Since UMG finished 2022 at about $11 billion in revenue (full 2023 numbers aren’t in yet), that means that TikTok pays UMG only about $110 million annually — and the entire music industry $400 million annually — despite the fact that the platform was expected to close out 2023 with $18 billion in “net global advertising revenues.” If those numbers are right, that’s a payout to the entire music industry of just over 2%, regardless of the central role music plays in its success.
Battling the Big Tech playbook
Sure, some may cry foul at a major label’s protestations, especially young people who have grown up in an era where many have been trained to believe that music is free. But many in the entertainment industry understandably feel that Big Tech’s playbook has been to essentially steamroll over them in negotiations through sheer mass and gale force industry headwinds of the Internet, social media and now generative AI.
As I’ve pointed out repeatedly, Big Tech for the past few decades has largely built its massive user bases and resulting multi-trillion dollar valuations on the backs of the artist community. Let’s not forget that technology pipes without the content to fill them are ultimately just useless pipes.
The music industry, for example, looked to Big Tech to help save it after the original “bad” Napster wreaked havoc almost overnight on the system it had built up over decades. That’s when Apple co-founder Steve Jobs played the part of white knight by cutting albums into individual song pieces, creating the world of 99-cent downloads and then taking 30% of every song slice. There was no magic to those two numbers, but once Jobs conjured and negotiated them, they entered the wild and became industry religion.
The rest, as they say, is history. Apple has used content — and the “sexy” marketing and engagement that flow from it — as its foundation to build the most valuable company on the planet until Microsoft topped them due to their stronghold in generative AI.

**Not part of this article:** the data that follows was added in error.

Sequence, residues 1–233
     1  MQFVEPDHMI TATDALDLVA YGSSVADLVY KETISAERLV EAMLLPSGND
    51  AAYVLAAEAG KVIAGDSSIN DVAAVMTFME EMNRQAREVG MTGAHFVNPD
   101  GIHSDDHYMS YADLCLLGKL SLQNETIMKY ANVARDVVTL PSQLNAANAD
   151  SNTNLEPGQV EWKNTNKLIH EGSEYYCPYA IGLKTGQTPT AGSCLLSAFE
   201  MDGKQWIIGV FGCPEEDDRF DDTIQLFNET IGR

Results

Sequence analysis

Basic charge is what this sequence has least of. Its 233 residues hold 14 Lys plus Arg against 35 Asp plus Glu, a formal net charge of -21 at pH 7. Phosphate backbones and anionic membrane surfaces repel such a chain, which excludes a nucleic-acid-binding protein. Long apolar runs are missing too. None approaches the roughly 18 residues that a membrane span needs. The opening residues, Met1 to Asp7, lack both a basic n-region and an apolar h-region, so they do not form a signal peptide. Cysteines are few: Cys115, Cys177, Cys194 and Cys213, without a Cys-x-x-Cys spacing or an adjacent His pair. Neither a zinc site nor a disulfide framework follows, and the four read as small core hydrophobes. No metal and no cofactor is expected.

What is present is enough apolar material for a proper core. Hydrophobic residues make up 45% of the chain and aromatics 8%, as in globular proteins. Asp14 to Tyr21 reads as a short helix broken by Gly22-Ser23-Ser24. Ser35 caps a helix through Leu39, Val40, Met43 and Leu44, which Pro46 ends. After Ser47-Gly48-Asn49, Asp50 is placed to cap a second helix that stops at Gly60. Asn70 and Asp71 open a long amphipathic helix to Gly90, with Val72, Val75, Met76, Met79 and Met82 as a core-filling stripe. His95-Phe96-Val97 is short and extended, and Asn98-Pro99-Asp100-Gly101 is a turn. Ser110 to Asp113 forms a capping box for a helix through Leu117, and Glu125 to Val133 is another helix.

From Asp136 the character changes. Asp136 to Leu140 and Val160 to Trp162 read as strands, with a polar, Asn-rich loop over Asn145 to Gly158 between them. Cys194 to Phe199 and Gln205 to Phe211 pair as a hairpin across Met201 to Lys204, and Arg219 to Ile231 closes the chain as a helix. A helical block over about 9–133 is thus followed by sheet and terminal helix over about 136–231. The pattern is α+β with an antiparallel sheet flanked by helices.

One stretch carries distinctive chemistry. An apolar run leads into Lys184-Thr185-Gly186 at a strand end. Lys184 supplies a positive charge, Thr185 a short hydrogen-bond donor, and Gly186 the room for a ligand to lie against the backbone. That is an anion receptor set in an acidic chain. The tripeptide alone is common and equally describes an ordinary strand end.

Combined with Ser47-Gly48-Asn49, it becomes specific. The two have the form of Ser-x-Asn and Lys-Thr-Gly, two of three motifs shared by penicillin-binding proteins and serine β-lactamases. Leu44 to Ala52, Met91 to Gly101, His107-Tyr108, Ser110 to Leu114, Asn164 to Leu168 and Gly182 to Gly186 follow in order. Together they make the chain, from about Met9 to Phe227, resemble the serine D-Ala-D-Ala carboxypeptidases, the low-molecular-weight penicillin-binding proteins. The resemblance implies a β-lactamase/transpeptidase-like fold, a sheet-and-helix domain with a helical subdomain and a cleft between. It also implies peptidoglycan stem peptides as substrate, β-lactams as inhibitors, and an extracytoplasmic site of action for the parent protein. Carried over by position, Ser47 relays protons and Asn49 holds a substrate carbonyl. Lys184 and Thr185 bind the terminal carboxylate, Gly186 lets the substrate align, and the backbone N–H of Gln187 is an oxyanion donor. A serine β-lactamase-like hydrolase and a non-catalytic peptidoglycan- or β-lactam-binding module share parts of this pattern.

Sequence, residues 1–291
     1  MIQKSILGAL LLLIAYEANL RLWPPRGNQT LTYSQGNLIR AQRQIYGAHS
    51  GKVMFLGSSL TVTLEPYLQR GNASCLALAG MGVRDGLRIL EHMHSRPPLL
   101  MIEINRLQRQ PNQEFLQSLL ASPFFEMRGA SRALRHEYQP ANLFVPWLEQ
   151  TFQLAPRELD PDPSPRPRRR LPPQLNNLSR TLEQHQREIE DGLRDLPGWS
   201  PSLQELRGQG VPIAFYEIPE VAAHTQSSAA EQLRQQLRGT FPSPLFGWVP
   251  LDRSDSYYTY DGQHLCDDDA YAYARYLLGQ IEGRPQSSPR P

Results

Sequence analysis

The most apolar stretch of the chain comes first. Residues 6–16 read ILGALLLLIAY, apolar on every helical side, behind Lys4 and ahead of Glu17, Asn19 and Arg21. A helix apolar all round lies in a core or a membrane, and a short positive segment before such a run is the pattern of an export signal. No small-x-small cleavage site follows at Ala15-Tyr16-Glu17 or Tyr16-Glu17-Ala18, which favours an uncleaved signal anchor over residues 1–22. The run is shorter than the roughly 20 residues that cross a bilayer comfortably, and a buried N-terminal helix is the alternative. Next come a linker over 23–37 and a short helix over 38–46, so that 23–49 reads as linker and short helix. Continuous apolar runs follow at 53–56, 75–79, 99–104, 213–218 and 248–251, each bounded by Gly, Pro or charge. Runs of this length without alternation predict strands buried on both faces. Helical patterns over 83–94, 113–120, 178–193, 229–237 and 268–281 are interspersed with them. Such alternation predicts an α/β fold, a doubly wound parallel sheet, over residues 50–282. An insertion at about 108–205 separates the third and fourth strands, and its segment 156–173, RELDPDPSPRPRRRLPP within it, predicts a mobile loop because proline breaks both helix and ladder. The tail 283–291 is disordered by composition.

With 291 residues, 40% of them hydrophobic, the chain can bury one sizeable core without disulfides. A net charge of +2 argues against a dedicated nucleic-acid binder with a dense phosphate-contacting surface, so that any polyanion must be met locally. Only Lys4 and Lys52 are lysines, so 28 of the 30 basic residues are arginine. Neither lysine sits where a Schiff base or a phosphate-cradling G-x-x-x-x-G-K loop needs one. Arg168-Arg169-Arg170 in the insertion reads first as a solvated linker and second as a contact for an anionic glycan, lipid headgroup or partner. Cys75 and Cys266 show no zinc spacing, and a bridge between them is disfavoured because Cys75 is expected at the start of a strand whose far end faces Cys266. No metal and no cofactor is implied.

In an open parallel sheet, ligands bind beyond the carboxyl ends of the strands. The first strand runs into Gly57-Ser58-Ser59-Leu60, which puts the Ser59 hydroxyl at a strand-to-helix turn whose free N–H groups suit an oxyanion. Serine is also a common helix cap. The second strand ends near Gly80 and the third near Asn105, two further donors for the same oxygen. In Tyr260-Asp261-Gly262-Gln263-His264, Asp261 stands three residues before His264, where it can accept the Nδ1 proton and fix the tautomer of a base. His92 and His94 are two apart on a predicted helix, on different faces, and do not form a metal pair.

Less than a decade after Napster’s great IP train robbery, YouTube entered the void and built a massive user base by enabling the unbridled uploading of millions of copyrighted videos, many of which were music videos. Still reeling from the pain of their music industry compatriots, the studios barely knew what had hit them.
Viacom ultimately sued YouTube for mass infringement, and the two companies eventually settled after 800-pound Big Tech gorilla Google bought YouTube for $1.65 billion and bankrolled its mass infringement litigation in the steal of the century. Now, about 20 years later, YouTube’s ad-first economics still rule the day, helping to drive up Alphabet/Google’s market valuation to about $1.8 trillion while UMG’s hovers at roughly $50 billion.
TikTok picked up YouTube’s ad-supported playbook and took it to the next level with algorithms and virality that transformed social media, got us all hooked and forced the entire music industry to recalibrate. It’s the same kind of pattern and song Big Tech has played on repeat for decades.
It’s quite likely that TikTok never really believed that UMG would pull the plug. Hours after UMG made its TikTok announcement on Thursday, Ole Obermann, the platform’s global head of music business development and IP rights, “nervously gripped the podium” at Variety’s TikTok Grammys party as he tried to sway the room and convince attendees that TikTok actively supports the artist community, according to one music industry vet in attendance. “And it was not working,” the brand partnerships professional said.
So who will blink first?
UMG needs to convince its major label and publishing partners — not to mention the entire artist community — that its battle is a noble cause that benefits all. That won’t be easy if, as TikTok wrote in its own salvo back to UMG, it has already reached agreements “with every other label and publisher.”
In its statement, TikTok also emphasized that its agreements are “artist-first.” Must be true … right?
Alexei Barrionuevo contributed to this column.